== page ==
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Nunavut: Week in pictures

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Read the full Geetah sentencing decision

Justice Neil Sharkey did not impose a life-time firearm ban on Elee Geetah. - photo courtesy Nunavut Court of Justice
Fifteen years for shooting brother
Judge denounces 'increasing, and disturbing, incidence of firearm crime in Nunavut'

Michele LeTourneau
Northern News Services

The sentencing decision for Elee Geetah, 23, of Cape Dorset, in custody since the fatal shooting of his brother in 2010, was released March 20.
Justice Neil Sharkey imposed a 15-year sentence, minus six years and three months for time served. Sharkey had previously informed the community of his decision. ARROW Continued

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mine training society


Happenings around Nunavut

As City of Iqaluit facilities like the Arctic Winter Games Arena crumble, councillors forced themselves to return to the budget table to discuss possible cuts or changes to increases in the mill rate after rejecting their own plan March 10. Strong opposition from community members and businesses sparked the turnaround. Council puts brakes on tax hike
NUNAVUT NEWS/NORTH - It was back to the drawing board this weekend as Iqaluit city councillors forced themselves to review their 2015-16 mill rates, which were criticized by city businesses and homeowners alike. Council voted March 10 against the first reading of a bylaw that would allow a mill rate increase to go ahead. "It was honestly a surprise for me," said deputy mayor Romeyn Stevenson.

The Nunavut Impact Review Board's public hearing into Areva Resources Canada Inc.'s proposed Kiggavik uranium project near Baker Lake took place in the community March 3 to 14. Seated at the table are Pamela Bennett with Bennett Environmental Consulting, Barry McCallum, manager, Nunavut affairs, Areva Resources, Dale Huffman, vice-president, safety, health, environment and quality, Areva Resources, and Diane Martens, regulatory process manager, Areva Resources. Uranium decision expected in April
NUNAVUT NEWS/NORTH - By all accounts, the Nunavut Impact Review Board's final public hearing over 10 days in Baker Lake on Areva Resources Canada Inc.'s final environmental impact statement for the Kiggavik project were productive and satisfactory. Despite a motion to suspend the hearing on its first day, March 3, Baker Lake Hunters and Trappers Organization chairperson Richard Aksawnee says the hearing was good.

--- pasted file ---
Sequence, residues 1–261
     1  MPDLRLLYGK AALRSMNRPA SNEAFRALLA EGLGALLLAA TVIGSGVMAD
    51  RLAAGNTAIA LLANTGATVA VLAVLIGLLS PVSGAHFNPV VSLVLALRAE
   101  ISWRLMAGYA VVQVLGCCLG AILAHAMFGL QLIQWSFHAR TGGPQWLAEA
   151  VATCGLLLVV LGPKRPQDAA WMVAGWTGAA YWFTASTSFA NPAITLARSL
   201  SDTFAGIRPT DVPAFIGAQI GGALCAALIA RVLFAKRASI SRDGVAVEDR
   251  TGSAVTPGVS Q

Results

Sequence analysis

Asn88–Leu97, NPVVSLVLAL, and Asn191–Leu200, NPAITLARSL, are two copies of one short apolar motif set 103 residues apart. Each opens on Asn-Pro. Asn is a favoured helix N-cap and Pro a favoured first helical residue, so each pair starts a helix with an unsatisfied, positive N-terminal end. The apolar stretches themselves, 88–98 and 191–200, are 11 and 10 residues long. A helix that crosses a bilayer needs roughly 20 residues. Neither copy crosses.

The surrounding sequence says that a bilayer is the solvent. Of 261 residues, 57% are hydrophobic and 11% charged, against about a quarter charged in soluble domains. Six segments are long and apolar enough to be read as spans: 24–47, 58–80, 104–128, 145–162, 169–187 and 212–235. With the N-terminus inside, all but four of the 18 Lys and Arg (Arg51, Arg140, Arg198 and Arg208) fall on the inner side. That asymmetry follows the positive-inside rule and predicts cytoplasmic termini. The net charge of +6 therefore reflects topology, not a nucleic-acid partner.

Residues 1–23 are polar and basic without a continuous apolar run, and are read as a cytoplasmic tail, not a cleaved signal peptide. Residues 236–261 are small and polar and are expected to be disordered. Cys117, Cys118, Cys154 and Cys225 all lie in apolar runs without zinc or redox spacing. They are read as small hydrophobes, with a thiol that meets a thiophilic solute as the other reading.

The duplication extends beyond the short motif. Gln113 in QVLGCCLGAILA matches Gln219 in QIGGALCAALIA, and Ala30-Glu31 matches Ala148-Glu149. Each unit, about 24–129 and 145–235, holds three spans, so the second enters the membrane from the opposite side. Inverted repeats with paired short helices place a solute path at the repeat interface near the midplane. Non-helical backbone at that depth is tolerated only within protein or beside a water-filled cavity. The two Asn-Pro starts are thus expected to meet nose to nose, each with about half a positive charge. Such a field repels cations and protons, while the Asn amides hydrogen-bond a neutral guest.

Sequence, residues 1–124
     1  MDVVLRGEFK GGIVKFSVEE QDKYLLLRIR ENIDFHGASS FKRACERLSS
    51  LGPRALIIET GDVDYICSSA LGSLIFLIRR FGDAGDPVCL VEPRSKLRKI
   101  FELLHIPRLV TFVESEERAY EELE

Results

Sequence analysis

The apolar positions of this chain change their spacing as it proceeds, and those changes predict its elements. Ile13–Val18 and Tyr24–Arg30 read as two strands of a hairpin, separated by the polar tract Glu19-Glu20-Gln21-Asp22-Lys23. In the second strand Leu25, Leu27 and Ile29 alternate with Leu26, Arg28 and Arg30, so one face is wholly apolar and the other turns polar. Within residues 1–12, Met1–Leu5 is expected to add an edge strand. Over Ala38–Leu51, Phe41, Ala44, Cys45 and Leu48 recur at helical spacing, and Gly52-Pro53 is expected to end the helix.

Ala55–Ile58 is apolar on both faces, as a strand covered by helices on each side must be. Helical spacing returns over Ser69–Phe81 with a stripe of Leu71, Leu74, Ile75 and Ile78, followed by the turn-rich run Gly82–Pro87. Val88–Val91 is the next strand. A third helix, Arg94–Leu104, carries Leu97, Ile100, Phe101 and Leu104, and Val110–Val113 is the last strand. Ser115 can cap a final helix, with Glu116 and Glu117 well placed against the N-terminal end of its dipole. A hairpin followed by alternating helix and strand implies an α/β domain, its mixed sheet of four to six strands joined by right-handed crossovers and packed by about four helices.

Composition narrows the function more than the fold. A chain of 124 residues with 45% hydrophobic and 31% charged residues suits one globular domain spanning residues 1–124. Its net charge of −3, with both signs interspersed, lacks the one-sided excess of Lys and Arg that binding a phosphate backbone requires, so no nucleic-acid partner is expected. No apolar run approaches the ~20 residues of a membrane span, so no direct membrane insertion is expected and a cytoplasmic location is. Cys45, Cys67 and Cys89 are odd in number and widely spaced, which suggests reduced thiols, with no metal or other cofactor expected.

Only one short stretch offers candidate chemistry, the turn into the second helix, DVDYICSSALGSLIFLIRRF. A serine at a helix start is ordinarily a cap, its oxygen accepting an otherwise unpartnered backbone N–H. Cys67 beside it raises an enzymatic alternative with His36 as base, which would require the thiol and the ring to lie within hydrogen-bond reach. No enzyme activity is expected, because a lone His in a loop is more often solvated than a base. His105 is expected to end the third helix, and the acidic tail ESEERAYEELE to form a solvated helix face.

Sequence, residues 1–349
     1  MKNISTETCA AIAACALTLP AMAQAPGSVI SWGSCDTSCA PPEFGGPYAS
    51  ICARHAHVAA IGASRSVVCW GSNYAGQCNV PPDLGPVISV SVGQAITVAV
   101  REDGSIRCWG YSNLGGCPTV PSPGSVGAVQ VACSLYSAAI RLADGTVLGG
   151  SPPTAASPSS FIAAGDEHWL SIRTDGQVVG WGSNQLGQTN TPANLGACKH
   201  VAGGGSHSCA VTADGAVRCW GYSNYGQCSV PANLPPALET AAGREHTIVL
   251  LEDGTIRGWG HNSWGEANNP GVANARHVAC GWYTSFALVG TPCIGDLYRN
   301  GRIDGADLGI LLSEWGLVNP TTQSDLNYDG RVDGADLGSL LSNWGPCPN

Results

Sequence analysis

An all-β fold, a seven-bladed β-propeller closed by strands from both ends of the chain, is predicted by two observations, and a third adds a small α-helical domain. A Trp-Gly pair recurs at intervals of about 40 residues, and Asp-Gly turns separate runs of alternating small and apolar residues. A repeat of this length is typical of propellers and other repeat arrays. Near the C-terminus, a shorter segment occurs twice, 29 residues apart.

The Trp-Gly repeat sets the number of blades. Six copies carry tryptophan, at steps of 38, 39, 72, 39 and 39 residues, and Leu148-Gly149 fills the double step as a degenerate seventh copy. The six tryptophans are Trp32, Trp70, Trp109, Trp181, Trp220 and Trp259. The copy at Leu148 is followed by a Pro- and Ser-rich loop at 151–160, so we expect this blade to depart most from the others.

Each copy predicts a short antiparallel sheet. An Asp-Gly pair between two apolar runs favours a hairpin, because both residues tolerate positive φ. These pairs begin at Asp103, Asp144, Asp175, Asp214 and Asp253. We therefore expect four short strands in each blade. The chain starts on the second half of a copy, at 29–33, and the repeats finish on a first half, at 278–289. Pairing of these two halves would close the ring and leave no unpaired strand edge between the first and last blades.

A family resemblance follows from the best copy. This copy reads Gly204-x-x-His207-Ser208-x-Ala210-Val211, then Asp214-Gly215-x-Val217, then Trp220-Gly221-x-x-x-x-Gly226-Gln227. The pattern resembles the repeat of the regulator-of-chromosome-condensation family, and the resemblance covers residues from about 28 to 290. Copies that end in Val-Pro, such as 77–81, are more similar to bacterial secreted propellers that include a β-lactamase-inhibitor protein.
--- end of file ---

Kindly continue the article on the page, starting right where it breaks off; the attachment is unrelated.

Dustin Schneider, seen in action with the Canadian men's national volleyball team, was in Iqaluit earlier this month to play in the Canadian North Open Tournament and work with youth at the city's schools.

Playing volleyball with the best
NUNAVUT NEWS/NORTH - Iqaluit has been fortunate to have had several notable sports people pay the city a visit and that trend continued earlier this month. Dustin Schneider, who is a setter with the Canadian men's national volleyball team and professional player in Europe, was in the capital earlier this month for a week-long trip to both play in the Canadian North Open Tournament from March 13 and 14 and impart some of his knowledge on the city's schoolchildren.

Printmaker Germaine Arnaktauyok tells her life story in her autobiography My Name is Arnaktauyok, which will be published by Inhabit Media Inc. in April.

Printmaker puts life on paper
NUNAVUT NEWS/NORTH - Iglulik printmaker Germaine Arnaktauyok has made a name for herself as an internationally recognized artist over the years and led a charmed and interesting life in the process. At 69 years old, she's putting her story onto paper – not through art, but through words. In her soon to be released autobiography My Name is Arnaktauyok, the printmaker shows off a different side of herself by delving into the details of her personal life and the way it has impacted her creatively.



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